Likutei Amarim Chapter 14, Class # 2

Middle of Chapter 14.

מה שאין כן בדבר המסור ללב, דהיינו שיהא הרע מאוס ממש בלב ושנאוי

It is different, however, with something entrusted to the heart, i.e., involving one’s feelings, meaning, in our case, that one’s heart actually abhor and despise the evilthat he now craves,

בתכלית שנאה, או אפילו שלא בתכלית שנאה

[whether] with absolute hatred as the perfect tzaddik does, or even not quite so utterly, as does the “incomplete tzaddik.”

הנה זה אי אפשר שיהיה באמת לאמיתו אלא על ידי גודל ותוקף האהבה לה׳, בבחינת אהבה בתענוגים להתענג על ה׳

This cannot be attained in complete truth except through that level of intense love of G‑d called “love of delights,” which consists of delighting in G‑dliness,

מעין עולם הבא

akin to [the bliss of] the World to Come, concerning which our Sages say that souls “will bask in the radiance of the Divine Presence.” Only such “love of delights” creates a hatred of evil, as explained in the previous chapters.

ועל זה אמרו רז״ל: עולמך תראה בחייך כו׳, ואין כל אדם זוכה לזה כי זה כעין קבול שכר

Concerning one who experiences this [“love of delights”] our Sages said,4 “You shall see a glimmer of your reward in the World to Come in your lifetime.” Not every man is privileged to attain this state, for it is in the nature of a reward received from above, and a reward can only be received, not taken.

וכדכתיב: עבודת מתנה אתן את כהונתכם וגו׳

Thus it is written,5 “I (G‑d) will make your priestly office a rewarding service,”

Service of G‑d with this ecstatically blissful love is designated “priesthood” even though it is not restricted to the Kohanim, members of the priestly family of Aaron. The above-quoted verse tells us that this lofty level of divine service is a gift from G‑d,

כמו שכתוב במקום אחר

as is explained elsewhere.6

Consequently, the rank of tzaddik is not within every man’s reach: it is dependent upon one’s loathing of evil, which is in turn contingent on his experiencing that blissful love which is a gift from G‑d. The level of Beinoni,however, is attainable by all.

With this in mind, the Alter Rebbe clarifies the Talmudic passage that describes Job as saying to G‑d: “You have created tzaddikim (righteous men), and You have created resha‘im (wicked men).” In the first chapter of Tanya the Alter Rebbe asked: How can G‑d be said to have “created” righteous and wicked men? If man is wicked, it is his own doing. G‑d ordains only whether one shall be clever or foolish, strong or weak, and the like; he does not declare whether one will be righteous or wicked, for doing so would negate man’s freedom of choice. How, then, could Job say, “You have created men astzaddikim and resha’im?”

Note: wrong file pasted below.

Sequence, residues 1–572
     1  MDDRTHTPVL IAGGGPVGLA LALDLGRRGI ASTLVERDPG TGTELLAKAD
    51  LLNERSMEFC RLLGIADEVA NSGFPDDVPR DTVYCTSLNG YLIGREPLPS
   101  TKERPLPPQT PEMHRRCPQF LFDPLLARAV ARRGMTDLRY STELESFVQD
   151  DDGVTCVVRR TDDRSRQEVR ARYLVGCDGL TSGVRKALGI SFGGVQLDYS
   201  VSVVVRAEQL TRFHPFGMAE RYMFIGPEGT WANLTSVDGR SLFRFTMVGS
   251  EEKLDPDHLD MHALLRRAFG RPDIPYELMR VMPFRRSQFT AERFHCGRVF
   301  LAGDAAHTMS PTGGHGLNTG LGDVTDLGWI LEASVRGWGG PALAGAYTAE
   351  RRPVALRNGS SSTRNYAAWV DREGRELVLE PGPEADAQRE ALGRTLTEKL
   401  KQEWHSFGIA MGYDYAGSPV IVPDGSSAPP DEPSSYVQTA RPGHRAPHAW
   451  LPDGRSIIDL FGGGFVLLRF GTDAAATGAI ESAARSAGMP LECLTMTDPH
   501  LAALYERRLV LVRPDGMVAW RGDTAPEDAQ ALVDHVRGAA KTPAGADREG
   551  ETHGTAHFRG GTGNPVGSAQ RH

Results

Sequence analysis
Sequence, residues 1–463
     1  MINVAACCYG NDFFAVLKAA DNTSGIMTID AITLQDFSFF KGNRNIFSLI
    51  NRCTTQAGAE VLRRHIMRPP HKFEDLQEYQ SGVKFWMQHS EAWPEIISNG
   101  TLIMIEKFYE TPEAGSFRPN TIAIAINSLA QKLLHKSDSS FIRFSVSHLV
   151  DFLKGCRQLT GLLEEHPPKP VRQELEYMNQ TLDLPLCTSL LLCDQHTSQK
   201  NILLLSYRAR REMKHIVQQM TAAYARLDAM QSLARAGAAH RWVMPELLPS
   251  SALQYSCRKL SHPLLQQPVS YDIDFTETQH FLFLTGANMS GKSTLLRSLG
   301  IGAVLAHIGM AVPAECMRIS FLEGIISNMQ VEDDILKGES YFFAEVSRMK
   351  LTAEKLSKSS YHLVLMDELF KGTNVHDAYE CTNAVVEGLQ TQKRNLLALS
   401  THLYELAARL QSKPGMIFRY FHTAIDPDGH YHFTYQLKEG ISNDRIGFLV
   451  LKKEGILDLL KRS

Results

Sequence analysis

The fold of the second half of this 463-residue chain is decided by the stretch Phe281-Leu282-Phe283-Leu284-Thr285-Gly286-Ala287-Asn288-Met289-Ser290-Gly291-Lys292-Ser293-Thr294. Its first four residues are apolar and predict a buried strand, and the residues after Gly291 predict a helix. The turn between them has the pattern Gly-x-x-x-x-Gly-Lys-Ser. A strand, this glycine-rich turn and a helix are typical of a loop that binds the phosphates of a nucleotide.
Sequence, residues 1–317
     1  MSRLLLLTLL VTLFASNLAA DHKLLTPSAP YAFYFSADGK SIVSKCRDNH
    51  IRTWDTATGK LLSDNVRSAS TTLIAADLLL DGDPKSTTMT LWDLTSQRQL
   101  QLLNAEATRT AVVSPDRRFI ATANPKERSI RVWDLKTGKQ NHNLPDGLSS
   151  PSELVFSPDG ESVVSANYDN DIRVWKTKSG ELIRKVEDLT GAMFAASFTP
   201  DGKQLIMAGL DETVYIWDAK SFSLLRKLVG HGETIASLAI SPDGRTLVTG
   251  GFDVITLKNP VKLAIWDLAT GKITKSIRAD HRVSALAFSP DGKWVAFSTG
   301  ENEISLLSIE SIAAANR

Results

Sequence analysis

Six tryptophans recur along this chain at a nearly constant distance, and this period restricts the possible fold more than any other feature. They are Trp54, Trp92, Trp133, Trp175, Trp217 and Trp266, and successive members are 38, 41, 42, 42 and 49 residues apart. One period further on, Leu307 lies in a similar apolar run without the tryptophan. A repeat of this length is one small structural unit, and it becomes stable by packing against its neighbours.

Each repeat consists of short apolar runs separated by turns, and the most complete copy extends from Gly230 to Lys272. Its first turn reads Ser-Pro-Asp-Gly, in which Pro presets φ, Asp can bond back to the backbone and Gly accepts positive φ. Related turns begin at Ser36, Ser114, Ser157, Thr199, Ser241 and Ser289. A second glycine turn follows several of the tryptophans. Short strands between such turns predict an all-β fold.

The matter becomes clear, however, in light of the Alter Rebbe’s statement here that the ability to become a tzaddik is a gift from G‑d, not granted to every man. “You have created tzaddikim” thus means that G‑d created souls capableof attaining the rank of tzaddik. In the Alter Rebbe’s words:

ולכן אמר איוב: בראת צדיקים כו׳

Therefore did Job say, “You created tzaddikim….”

We can now understand Job’s statement as a reference to those souls created with the capacity of attaining the rank of tzaddik. (The meaning of “You have created resha‘im” is explained in ch. 27.)

וכדאיתא בתיקונים, שיש בנשמות ישראל כמה מיני מדרגות ובחינות

As stated in Tikkunei Zohar,7 there are many grades and degrees in Jewish souls:

חסידים, גבורים המתגברים על יצרם, מארי תורה, נביאים כו׳, צדיקים כו׳, עיין שם

Pious men (“chassidim”), strong men (“gibborim”) who gain mastery over their evil inclination, scholars of the Torah, prophets,…tzaddikim, and so forth. Note there.

Accordingly, within the ranks of the souls there are those who are categorized as tzaddikim.8

4. Berachot 17a.
5. Bamidbar 18:7.
6. See further, ch. 43.
7. Introduction to Tikkunei Zohar 1b.
8. This appears to be the Alter Rebbe’s intention in citing Tikkunei Zohar. However, the Rebbe remarks: “This bears examination.” Possibly, the Rebbe is implying doubt as to whether the Alter Rebbe understands the mention of tzaddikim in Tikkunei Zohar as referring to those souls born with the capacity to become tzaddikim, since the other qualities mentioned there — especially those that characterize the “gibborim, who prevail with might over their Yetzer Hara” — are not hereditary, but are attained by dint of one’s efforts. On the other hand, “gibborim” may refer to souls that are inherently inclined toward Gevurah, as are “chassidim” toward Chesed, and so on.

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